Stock markets around the globe have been panicking on fears of Chinese growth. Today’s made news was the China manufacturing index slipped deeper into contraction territory. The Dow is now down just about 10%, which is correction territory. In this type of environment, just about all stocks fall. Yesterday many of the momentum stocks that I mentioned in my last article, such as Netflix were down by 5-7%. Once again I’d reiterate that we’ve had no expectation of strong global growth and have been concerned about China for the last few years.
If you look at the U.S. economy, the key areas of strength are really related to real estate and credit. Housing prices have continued to increase and credit metrics have improved to levels that are rarely seen. Also keep in mind that most of the big fines that have plagued the big U.S. banks are now in the past. These companies have been focused on improving efficiency and have much lower costs than they have had in the past. They also have double the capital and very little exposure to China, so earnings are likely to continue to be strong. Just as important, the big banks’ that we own in size still trade at discounts to book value and in some circumstances tangible book value. Those book value numbers are increasing via retained earnings and stock buybacks. This is absolutely essential in protecting our investments and it differentiates us from most of the market, which is highly expensive. This is why you really don’t want to get too caught up on the day to day stuff. Below is a link to an article, which explains that the banks likely should be trading at a much higher multiple due to their much safer and consistent balance sheets and earnings power.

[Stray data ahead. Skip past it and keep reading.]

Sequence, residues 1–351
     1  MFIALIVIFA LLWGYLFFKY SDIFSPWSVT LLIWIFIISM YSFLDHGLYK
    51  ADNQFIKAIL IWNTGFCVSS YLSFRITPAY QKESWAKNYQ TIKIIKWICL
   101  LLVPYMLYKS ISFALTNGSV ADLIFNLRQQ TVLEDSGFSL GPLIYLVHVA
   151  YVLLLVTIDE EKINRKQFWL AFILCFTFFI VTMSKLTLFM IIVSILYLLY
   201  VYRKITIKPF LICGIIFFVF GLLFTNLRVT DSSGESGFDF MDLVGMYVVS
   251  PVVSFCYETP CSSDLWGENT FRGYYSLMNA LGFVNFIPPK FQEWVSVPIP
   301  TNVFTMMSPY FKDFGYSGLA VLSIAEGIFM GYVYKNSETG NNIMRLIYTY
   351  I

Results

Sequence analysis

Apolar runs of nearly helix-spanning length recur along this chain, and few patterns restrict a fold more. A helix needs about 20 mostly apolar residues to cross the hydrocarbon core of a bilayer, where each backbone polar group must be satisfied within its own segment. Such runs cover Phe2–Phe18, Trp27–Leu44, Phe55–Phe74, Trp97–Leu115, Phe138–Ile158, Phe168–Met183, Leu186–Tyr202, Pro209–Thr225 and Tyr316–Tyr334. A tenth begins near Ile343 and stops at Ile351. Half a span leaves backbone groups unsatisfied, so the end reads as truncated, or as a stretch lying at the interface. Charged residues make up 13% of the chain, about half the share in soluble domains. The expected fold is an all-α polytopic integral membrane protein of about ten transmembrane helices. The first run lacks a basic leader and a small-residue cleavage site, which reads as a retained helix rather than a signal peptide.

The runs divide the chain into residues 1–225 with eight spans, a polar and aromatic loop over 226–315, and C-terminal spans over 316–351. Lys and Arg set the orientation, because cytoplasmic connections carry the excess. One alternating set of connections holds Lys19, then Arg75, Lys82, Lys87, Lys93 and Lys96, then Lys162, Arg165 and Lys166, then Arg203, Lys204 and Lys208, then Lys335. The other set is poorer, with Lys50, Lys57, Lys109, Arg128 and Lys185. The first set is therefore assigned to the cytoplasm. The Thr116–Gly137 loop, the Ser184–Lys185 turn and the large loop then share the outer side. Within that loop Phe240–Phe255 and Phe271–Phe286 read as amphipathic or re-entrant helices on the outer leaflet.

The biggest impact we’ve seen is that volatility has increased. That jacks up all option prices causing short-term mark to market losses. These volatility losses become completely irrelevant when the options expire as both the time value and volatility values go to zero, and the only thing that matters will be where the stocks are relative to our strike prices. Your short option value on your TD Ameritrade account statements is reflective of the amount of premium you’d earn if all of your options were to expire worthless. Worst case of course, we end up owning the stocks we want to own at a cheaper price and we get all the upside or downside associated with that. For most accounts the short option value is greater than 10% of the account value with most options coming due in late January of 2016. Time decay will quicken over the next few months as these options roll off. In the past, we’ve seen many of our largest gains come in the last few months of the year, just due to the way that options work as they get closer to expiration. I have no idea what the market will do between now and January but I do believe that our businesses will grow in value during that time horizon and the stage is set well for us with our option positions.
It is easy to get caught up in the pessimism when markets are finicky. You just have to keep in mind that we aren’t in the stocks that are overvalued. We are in businesses that are really in their sweet spot and that are growing intrinsic value for the most part. Many of these companies are actually buying back stock so these selloffs actually can be a good thing. It is a great time to invest during this volatility as pricing on both stocks and options is fabulous! As always, please let me know if you need anything or have any questions whatsoever.